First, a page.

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Mitsubishi's little Super Height K-Wagon concept debuts in Tokyo, makes a big impression

This taller-than-average little van concept is already running rings around our hearts.

Little van, big mood.

Sure, Mitsubishi's Mi-Tech concept SUV is cool and all, but it's the brand's tiny kei wagon that has us super excited, and yes, we're aware that makes us weirdos.

The Mitsubishi Super Height K-Wagon concept, which debuted on Tuesday at the Tokyo Motor Show, is a look forward to how people might want to use Japan's legendary little kei-class vehicles. Unlike many other kei cars, the Super Height is, well, super-tall and benefits from slightly better-than-average ground clearance. That allows the Super Height to go further than most kei cars could dream.

One of the best parts of the Super Height K-Wagon concept is its weirdly chunky styling. It reminds us a bit of the epic little Mitsubishi Delica 4x4 wagon from the late 1980s and early 1990s, and we're guessing that's no coincidence.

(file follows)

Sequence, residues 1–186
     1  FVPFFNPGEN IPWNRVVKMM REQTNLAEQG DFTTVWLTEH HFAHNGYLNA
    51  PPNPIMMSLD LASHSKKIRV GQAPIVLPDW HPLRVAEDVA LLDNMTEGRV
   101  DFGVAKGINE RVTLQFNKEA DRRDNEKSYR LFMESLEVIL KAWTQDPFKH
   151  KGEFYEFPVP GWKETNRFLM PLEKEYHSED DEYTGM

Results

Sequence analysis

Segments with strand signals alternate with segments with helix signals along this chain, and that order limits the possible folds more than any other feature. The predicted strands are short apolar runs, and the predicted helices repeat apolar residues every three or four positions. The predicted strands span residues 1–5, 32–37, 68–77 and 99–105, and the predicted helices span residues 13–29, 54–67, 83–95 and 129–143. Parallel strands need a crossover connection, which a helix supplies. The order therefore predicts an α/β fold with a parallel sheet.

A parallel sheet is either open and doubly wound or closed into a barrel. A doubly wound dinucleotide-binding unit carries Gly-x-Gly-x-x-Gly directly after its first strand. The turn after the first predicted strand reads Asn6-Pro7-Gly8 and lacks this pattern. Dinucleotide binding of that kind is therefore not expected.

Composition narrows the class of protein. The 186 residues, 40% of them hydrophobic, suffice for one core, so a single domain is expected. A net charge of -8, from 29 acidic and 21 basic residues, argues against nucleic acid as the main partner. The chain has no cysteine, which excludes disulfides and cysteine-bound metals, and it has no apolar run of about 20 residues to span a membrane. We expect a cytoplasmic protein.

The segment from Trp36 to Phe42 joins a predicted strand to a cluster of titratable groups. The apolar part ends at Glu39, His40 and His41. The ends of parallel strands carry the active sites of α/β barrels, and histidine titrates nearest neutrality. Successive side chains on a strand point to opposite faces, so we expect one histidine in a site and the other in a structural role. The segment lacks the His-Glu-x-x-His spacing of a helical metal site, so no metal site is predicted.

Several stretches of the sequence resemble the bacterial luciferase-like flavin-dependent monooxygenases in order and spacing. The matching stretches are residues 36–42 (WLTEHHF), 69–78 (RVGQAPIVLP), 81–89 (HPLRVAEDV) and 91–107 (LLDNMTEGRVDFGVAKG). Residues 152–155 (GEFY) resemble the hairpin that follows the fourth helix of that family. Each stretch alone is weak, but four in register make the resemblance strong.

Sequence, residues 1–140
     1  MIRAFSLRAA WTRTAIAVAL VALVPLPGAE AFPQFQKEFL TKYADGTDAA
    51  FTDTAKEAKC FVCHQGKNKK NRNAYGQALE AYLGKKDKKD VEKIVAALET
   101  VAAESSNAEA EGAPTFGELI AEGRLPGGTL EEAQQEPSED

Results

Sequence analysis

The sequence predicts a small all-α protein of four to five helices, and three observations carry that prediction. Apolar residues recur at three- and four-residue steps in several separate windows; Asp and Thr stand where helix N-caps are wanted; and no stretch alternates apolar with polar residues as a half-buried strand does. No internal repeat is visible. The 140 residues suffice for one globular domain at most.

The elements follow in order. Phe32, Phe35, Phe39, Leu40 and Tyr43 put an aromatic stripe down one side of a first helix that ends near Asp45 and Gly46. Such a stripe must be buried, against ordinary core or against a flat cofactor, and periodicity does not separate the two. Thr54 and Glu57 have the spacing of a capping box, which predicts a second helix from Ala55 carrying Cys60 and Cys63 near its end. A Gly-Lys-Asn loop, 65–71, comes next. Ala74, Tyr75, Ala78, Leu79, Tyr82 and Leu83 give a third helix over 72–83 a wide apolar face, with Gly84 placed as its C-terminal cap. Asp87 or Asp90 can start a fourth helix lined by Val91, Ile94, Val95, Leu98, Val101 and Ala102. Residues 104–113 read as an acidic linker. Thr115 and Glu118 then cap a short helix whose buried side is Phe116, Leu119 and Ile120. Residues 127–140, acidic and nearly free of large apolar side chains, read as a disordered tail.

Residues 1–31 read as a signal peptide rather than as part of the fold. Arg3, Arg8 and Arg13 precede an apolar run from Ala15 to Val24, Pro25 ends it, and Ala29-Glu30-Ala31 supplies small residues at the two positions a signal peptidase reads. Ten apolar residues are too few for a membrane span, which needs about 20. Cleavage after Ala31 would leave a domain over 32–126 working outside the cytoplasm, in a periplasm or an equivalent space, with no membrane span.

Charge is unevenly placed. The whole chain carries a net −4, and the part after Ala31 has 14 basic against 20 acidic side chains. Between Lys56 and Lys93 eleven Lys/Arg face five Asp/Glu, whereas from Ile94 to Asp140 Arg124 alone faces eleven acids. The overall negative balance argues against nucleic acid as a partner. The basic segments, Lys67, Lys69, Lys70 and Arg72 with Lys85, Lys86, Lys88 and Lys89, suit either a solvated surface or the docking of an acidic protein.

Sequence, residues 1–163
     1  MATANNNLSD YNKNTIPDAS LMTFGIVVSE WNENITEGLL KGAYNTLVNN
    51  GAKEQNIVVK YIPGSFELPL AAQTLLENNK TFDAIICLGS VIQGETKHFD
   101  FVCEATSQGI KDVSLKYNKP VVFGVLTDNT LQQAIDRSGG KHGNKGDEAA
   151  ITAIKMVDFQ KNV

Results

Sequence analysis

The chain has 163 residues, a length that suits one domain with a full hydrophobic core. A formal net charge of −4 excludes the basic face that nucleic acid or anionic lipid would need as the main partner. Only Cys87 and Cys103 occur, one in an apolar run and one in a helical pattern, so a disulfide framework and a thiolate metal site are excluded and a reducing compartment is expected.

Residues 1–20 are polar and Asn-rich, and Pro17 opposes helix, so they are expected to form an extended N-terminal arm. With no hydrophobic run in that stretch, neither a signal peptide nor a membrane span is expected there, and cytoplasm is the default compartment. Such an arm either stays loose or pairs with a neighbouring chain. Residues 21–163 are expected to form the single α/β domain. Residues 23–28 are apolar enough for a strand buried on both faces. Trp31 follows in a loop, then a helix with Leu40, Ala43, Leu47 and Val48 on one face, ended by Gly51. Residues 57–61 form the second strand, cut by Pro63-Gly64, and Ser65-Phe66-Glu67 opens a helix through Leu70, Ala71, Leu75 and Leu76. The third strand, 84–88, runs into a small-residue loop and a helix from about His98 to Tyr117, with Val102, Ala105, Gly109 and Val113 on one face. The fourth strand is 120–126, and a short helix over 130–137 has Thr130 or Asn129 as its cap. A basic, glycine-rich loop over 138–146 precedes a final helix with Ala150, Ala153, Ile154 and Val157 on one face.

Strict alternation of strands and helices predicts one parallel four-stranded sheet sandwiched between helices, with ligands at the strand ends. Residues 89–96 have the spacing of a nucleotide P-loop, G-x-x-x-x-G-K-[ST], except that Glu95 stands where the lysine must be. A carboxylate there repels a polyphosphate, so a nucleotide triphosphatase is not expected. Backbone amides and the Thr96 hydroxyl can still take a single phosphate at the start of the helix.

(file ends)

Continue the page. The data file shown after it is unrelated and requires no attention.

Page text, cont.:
The Super Height K-Wagon has typically odd kei car proportions, as outlined by the strict regulations that define the vehicle class. The fact that it's so narrow and tall means we wouldn't necessarily want to take it off-road on anything more aggressive than a fire road, and if someone suggested we try driving it on a banked oval, we'd slap them right in the face.

Inside the Super Height K-Wagon looks… well, like a regular Mitsubishi. It doesn't come off as a concept at all, which is kind of refreshing. We dig the brown fabric on the seats, as well as the brown synthetic leather on the steering wheel, the acres of very functional black plastic and the massive-for-a-kei-car screen in the center of the dash.

Under the Super Height's teensy little hood is a small but conventional internal-combustion engine, and it's mated to a CVT transmission. When it comes to kei cars, efficiency is the name of the game, and while we would love to believe it when Mitsubishi describes its performance as "brisk" in its press release, we ultimately just can't get there.

At the end of the day, this is one of those forbidden fruit concepts especially unique to Japan that we'd love to bring home and experience on US roads, but sadly, that's never meant to be.

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